Jacques Hnizdovsky was born in Ukraine to direct descendants of a noble family bearing the Korab coat of arms. The youngest of seven children, he was the only one in his family that was able to emigrate to the west. Being titled landowners, the entire family was exiled to Siberia. His mother managed to get a secret message to him while he was in boarding school, and he realized he could never return home. He enrolled at the Academy of Fine Arts in Warsaw, but when war broke out, had to quickly transfer to the Academy of FIne Arts in Zagreb. After many difficult years in war-torn Europe and in Displaced Persons Camps, he emigrated to the US in 1949. He arrived in the US peniless, with nothing but the clothes on his back. All had been lost or destroyed during the war.
Hnizdovsky proceeded to create hundreds of paintings, numerous watercolors and pen and ink drawings, as well as over 375 prints (woodcuts, linocuts and etchings) after his move to the United States in 1949. Shortly after his arrival, A. Hyatt Mayor of the Metropolitan Museum of Art chose one of his woodcuts for a Purchase Award at a 1950 Minneapolis Institute of Art print exhibition. It was a turning point in his career and his life. From that moment on, he was determined to make his livelihood as an independant artist and moved to New York City. In 1962 he was awarded the First Prize at the Boston Printmakers annual exhibition for his print “The Sheep”. "The Sheep" was to become his best-known print, and can be seen in the film "The Hours" with Meryl Streep. Hnizdovsky's work can be best described as stylized realism and draws inspiration from Durer, Ukiyo-e and Chinese painting. Jacques was to become best known for his prints of animals and trees, yet many never realized that Hnizdovsky created perhaps more paintings than prints, painting during the day, and working on his prints in the evenings. Weekends were reserved for printing the woodcuts, linocuts or etchings.
Hnizdovsky was invited to participate in the Contemporary U.S. Graphic Arts exhibition which traveled to the U.S.S.R. in 1963, as well as a similar exhibition to Japan in 1967. His woodcuts were included in the Triennale Internazionale della Xilographica in Italy in 1972. In 1977 shows of his woodcuts were held at the Long Beach Art Museum, California, and Yale University, and in 1978 and 1982 at the University of Virginia and at the Hermitage Museum of Norfolk, Virginia, in 1981. He received a Tiffany Fellowship in 1961, and fellowships from the following: MacDowell Colony in 1963, 1971, 1976, 1977; Yaddo Foundation in 1978; Ossabaw Foundation in 1980; Virginia Center for the Creative Arts in 1979, 1981, 1982, 1983, and 1984.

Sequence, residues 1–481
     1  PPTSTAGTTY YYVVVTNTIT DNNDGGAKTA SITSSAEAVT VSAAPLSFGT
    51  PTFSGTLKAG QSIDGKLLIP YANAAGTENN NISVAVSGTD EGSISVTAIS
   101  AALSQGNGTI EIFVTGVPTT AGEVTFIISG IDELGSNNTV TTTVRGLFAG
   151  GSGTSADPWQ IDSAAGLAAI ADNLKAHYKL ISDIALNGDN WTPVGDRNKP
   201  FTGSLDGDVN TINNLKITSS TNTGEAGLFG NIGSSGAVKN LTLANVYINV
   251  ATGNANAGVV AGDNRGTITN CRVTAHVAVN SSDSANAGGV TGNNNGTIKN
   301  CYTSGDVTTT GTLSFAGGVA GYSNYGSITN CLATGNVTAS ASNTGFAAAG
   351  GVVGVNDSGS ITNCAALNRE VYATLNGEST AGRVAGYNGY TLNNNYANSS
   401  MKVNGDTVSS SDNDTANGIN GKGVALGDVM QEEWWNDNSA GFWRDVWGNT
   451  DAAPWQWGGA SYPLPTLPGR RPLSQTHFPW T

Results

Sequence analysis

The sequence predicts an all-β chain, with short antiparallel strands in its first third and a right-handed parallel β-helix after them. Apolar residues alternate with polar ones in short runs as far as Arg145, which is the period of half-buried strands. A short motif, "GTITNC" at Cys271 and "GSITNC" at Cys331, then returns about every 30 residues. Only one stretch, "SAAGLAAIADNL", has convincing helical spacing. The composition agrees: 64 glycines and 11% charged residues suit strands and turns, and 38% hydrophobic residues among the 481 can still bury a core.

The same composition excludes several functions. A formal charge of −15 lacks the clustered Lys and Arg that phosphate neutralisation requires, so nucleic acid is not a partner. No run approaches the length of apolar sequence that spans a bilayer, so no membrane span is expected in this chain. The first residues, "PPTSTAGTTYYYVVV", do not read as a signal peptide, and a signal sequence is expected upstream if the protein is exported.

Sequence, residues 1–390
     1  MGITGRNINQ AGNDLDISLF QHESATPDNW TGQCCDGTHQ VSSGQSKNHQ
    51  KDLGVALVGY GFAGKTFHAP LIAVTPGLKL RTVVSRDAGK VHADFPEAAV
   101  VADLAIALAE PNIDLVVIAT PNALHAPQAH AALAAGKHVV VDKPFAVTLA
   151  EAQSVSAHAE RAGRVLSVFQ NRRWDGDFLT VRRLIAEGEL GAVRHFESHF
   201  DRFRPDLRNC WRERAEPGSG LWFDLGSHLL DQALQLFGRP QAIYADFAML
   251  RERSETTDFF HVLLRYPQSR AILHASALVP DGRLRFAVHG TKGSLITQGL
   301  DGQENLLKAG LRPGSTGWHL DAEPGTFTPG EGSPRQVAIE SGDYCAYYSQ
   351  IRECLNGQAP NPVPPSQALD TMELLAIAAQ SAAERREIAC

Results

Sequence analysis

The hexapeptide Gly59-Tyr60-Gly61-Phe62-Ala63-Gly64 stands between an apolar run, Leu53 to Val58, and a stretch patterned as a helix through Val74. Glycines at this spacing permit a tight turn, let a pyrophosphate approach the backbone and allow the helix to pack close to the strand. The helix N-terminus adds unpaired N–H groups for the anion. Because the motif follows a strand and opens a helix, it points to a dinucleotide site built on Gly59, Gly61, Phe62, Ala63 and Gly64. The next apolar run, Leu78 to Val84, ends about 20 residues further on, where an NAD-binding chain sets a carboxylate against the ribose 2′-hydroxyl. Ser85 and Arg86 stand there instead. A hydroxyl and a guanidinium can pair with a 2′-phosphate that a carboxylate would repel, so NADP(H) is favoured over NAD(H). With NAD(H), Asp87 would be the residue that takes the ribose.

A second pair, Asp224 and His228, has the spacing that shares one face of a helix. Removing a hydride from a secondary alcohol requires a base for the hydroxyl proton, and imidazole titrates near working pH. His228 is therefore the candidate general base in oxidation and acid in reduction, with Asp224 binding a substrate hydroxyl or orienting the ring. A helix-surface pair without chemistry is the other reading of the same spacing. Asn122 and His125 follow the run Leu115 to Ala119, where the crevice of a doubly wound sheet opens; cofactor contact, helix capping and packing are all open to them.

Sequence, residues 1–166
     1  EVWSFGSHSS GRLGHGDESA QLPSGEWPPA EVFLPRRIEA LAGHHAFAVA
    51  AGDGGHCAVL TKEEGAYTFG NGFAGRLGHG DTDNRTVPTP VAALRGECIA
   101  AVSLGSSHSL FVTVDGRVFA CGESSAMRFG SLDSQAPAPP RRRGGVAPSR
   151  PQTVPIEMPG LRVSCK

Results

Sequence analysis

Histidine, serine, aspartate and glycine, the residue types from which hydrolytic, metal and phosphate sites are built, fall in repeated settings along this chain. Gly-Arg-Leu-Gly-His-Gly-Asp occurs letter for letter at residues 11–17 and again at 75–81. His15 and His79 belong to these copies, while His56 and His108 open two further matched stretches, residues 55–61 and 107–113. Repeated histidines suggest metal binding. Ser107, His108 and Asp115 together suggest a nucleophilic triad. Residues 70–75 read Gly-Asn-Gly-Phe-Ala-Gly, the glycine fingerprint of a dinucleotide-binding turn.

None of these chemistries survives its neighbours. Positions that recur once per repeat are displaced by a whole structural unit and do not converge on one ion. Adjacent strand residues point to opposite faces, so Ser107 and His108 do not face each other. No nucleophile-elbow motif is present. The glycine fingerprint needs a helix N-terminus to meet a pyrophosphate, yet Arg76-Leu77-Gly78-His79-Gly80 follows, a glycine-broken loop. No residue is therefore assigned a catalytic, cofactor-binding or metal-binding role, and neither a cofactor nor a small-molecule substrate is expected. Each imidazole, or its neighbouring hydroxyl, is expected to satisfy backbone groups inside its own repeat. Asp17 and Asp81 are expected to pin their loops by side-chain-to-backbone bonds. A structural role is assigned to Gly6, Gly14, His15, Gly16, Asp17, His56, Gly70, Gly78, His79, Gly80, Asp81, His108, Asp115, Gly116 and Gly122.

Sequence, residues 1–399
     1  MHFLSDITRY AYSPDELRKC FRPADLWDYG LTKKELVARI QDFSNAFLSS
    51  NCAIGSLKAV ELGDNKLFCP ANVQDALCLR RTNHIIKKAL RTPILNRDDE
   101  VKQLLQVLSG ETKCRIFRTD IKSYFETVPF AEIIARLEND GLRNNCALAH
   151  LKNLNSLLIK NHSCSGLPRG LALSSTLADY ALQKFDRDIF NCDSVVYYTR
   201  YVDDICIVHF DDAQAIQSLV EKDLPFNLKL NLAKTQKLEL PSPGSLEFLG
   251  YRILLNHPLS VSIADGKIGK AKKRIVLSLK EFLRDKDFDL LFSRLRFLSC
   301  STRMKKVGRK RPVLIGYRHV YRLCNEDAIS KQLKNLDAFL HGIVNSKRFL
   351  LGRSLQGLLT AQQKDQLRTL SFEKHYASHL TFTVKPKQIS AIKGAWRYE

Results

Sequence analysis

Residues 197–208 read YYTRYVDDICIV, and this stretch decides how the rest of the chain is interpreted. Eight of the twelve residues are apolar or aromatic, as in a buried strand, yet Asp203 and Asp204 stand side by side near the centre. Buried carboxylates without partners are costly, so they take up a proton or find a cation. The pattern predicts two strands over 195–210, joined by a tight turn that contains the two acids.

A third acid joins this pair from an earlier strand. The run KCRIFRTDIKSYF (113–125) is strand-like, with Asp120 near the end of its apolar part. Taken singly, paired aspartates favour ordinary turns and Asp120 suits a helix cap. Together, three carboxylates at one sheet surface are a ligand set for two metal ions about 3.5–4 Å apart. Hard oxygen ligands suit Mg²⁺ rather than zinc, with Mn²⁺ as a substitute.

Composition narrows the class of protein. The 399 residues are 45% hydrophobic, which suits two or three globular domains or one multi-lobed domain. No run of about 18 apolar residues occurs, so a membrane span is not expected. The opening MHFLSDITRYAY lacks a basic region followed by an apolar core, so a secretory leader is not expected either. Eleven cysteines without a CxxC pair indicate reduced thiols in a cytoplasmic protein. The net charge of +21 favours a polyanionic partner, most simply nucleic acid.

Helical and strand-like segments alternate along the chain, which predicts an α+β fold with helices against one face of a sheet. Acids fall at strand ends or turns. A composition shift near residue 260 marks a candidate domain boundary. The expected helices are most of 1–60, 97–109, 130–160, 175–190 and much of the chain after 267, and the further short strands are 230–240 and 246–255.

In 1975 a catalogue raisonné of his woodcuts "Hnizdovsky Woodcuts 1944 - 1975" was published by Pelican Publishing Company of Gretna, Louisiana. In 1987 an updated version "Jacques Hnizdovsky Woodcuts and Etchings" was published, including all woodcuts, linocuts and etchings made during his lifetime. Hnizdovsky has contributed illustrations to The Poems of John Keats, 1964; The Poems of Samuel Taylor Coleridge, 1967; Tree Trails of Central Park, 1971; Flora Exotica, 1972; The Poems of Thomas Hardy, 1979; The Traveler’s Tree, 1980; The Poetry of Robert Frost, 1981; Signum Et Verbum, 1981; A Green Place, 1982; Birds and Beasts, 1990; Behind the King’s Kitchen, 1992; The Girl in Glass in 2002; and The Adventurous Gardener in 2005. This list is but a sampling of the books he has illustrated and designed covers for.
Among the numerous permanent collections with woodcuts by Hnizdovsky are: The Addison Gallery of American Art, Andover, MA; Burnaby Art Gallery, British Columbia; Butler Institute of American Art, Youngstown, OH; Chrysler Museum at Norfolk, VA; Cleveland Museum of Fine Arts; Davison Art Center, Wesleyan University; Duke University Museum of Art, Durham, NC; Dulin Gallery of Art, Knoxville, TN; Hunt Institute for Botanical Documentation, Pittsburgh; Henry Art Gallery, University of Washington, Seattle; Lauren Rogers Museum of Art, Laurel, MS; Louisiana Arts and Science Center, Baton Rouge; Louisiana State Museum, New Orleans; Minneapolis Institute of Arts; Mississippi Museum of Art, Jackson; Museum of Fine Arts, Boston; National Museum of American Art, Washington, DC; New Orleans Museum of Art; New York Public Library; Philadelphia Museum of Art; Tweed Museum of Art, University of Minnesota; The U.S. Information Agency, Washington, DC; Library of Congress and White House, Washington, DC; University of Delaware; Virginia Museum of Fine Arts, Richmond; Winnipeg Art Gallery and Yale University. This again, is a highly abridged list.
Jacques Hnizdovsky died on November 8, 1985 in New York.